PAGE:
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NotionCommotion

How to access symmetric key?

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If a client connects to a ReactPHP TLS socket server, is it possible to obtain the symmetric key from within the PHP code?  Hoping it will allow me to decrypt  analysis traffic between two using Wireshark.

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With PHP? No. SSL stuff is all handled by OpenSSL (or whatever you have installed) which tends not to expose information like that.

You could allow unsecure connections when a development mode is active, and/or when the connection is local. To troubleshoot locally.

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1 hour ago, requinix said:

With PHP? No. SSL stuff is all handled by OpenSSL (or whatever you have installed) which tends not to expose information like that.

Was afraid of that.  Evidently,  Firefox and Chrome both support logging the symmetric session key used to encrypt TLS traffic to a file, and Wireshark is configured to use this file and then can decrypted TLS traffic.  See  https://redflagsecurity.net/2019/03/10/decrypting-tls-wireshark/.  Well, I am not accessing the connection using FF or Chrome so that doesn't help me, but maybe there is a different way to do so with some Linux command? 

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The easiest solution if you need to view the traffic would be to either disable encryption or pass the traffic through a proxy that can log the traffic then pass it on.

Alternatively, modify your code to log traffic it sends/receives across the socket.  I usually include some sort of raw traffic logging ability in things I develop for easy debugging.

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15 hours ago, kicken said:

The easiest solution ... or pass the traffic through a proxy that can log the traffic then pass it on.

Can you elaborate?

15 hours ago, kicken said:

Alternatively, modify your code to log traffic it sends/receives across the socket.  I usually include some sort of raw traffic logging ability in things I develop for easy debugging.

I like it!  I take it you log the entire message with either deliminator or length prefix, right?  Have you ever used CBOR (which I am doing) or similar or compressed JSON?  With straight JSON, it should be easy enough to determine message breaks based on visually looking for known words, but not so if scrambled.  I probably need to log both the pre and post CBOR raw message, and maybe take other steps.  Any lessons learned would be appreciated.

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17 hours ago, NotionCommotion said:

I take it you log the entire message with either deliminator or length prefix, right? 

I'd log whatever I see across the socket.  For example:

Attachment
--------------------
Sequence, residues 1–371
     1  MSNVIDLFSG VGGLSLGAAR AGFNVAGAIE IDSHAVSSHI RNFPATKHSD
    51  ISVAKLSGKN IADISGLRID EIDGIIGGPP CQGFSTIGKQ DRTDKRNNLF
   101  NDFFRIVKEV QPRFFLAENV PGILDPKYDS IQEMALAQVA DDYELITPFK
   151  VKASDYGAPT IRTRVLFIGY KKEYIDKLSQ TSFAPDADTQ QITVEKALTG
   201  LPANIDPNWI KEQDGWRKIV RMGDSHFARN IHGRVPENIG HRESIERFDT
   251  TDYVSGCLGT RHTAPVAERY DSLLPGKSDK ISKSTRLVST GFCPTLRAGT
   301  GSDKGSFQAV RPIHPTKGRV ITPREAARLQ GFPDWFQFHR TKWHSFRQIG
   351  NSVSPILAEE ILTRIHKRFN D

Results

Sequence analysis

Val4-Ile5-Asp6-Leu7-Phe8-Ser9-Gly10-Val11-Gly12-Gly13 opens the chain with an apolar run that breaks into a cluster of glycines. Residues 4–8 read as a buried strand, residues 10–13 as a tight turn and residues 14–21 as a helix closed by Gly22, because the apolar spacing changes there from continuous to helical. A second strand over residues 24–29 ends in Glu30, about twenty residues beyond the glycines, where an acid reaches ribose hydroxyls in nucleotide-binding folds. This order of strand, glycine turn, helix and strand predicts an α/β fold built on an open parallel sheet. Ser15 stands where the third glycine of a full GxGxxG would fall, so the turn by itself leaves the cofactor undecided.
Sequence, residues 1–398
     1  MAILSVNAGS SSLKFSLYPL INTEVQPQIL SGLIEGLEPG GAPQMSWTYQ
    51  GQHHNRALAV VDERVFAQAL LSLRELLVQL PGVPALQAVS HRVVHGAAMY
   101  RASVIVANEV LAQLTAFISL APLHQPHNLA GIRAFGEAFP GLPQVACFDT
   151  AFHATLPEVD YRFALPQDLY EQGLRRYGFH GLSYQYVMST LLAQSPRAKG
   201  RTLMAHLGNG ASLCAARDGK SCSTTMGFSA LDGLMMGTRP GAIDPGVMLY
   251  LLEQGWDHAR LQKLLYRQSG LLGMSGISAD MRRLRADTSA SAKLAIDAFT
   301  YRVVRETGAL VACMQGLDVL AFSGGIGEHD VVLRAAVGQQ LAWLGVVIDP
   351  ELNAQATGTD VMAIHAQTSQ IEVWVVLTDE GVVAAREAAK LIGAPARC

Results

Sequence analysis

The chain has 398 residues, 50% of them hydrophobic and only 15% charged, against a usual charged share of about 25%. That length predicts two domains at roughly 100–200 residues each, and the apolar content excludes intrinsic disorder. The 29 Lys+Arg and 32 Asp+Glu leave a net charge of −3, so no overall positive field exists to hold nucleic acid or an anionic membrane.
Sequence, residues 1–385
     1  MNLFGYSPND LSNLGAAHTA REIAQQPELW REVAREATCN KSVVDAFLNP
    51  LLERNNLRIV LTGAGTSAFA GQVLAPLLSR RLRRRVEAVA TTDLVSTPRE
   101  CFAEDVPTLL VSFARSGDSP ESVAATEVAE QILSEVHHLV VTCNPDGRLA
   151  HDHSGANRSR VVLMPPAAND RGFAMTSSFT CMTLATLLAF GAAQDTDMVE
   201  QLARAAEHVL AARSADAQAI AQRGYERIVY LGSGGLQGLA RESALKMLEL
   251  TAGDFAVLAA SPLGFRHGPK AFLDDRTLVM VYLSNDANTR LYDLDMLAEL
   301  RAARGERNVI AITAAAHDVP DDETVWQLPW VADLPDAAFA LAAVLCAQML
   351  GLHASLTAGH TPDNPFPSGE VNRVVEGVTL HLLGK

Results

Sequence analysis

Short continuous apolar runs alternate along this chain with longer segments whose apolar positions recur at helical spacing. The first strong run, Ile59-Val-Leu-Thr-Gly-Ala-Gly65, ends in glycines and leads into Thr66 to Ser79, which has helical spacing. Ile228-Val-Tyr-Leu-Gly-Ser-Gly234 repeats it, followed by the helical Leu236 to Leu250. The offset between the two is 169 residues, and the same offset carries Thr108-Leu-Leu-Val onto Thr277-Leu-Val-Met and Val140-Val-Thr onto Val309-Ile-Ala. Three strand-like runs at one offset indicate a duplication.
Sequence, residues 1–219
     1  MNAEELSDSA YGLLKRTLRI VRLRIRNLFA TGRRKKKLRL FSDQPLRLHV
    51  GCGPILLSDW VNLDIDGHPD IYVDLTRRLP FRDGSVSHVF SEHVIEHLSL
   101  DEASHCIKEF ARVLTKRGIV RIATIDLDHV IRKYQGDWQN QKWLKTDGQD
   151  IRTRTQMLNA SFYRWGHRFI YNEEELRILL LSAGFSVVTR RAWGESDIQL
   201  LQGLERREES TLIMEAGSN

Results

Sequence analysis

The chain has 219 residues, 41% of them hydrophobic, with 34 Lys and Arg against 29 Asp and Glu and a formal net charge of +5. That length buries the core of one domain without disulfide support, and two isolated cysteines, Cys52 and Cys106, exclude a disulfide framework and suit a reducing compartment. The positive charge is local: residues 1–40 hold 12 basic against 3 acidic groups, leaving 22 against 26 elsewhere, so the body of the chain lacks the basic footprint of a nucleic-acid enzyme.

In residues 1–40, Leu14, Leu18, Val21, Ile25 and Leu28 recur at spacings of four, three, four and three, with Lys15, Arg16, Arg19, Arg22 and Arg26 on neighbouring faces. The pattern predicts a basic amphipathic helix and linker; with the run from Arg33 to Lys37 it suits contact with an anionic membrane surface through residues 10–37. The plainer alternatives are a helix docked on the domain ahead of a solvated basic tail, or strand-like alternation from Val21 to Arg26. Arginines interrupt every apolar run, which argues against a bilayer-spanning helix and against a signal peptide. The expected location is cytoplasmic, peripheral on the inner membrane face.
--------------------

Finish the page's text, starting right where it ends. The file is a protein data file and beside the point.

public function read(){
    $data = fread($this->socket, 8192);
    $this->logger->debug('Socket data read: {data}', ['data' => $data]);

    return $data;
}

public function write($data){
    fwrite($this->socket, $data);
    $this->logger->debug('Socket data written: {data}', ['data' =>$data]);
}

The idea is just to have a record in case it is needed to debug a problem.  If the data being read/written was binary rather than plain text, then I'd either base64_encode or bin2hex it first.

Higher levels of the app  would have additional logging.  For example whatever code parses the raw data into some useful data structure may then log the result of that parsing.

18 hours ago, NotionCommotion said:

Have you ever used CBOR (which I am doing) or similar or compressed JSON?

I have not.   Like I mentioned above though, for non-string data you can always encode it before printing.    bin2hex is nice for as you can easily inspect and compare individual bytes of data.  it doubles the size of whatever data you're logging though.  base64_encode uses less space and can compare whole values easily, but requires decoding to do detailed comparisons.

 

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On 6/14/2019 at 1:06 AM, kicken said:

I'd log whatever I see across the socket.  For example:


public function read(){
    $data = fread($this->socket, 8192);
    $this->logger->debug('Socket data read: {data}', ['data' => $data]);

    return $data;
}

public function write($data){
    fwrite($this->socket, $data);
    $this->logger->debug('Socket data written: {data}', ['data' =>$data]);
}

 

Is your logger just a simple homespun write to a file or something more?  When monitoring  the server, how do you deal with keeping each client separate?

Thanks

PS.  Sorry for getting off topic.

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On 6/16/2019 at 9:17 AM, NotionCommotion said:

Is your logger just a simple homespun write to a file or something more?

Usually monolog.

On 6/16/2019 at 9:17 AM, NotionCommotion said:

When monitoring  the server, how do you deal with keeping each client separate?

Most of the time I'm just dealing with client side stuff, talking to a separate server.  However, the simple solution would be to just assign a unique identifier to each client and include that with each client's log messages.  I've done something like that with web applications before.  Each request generates a unique id and that ID is included in all the log messages.  That way when reviewing a log later I can easily find related log messages.

 

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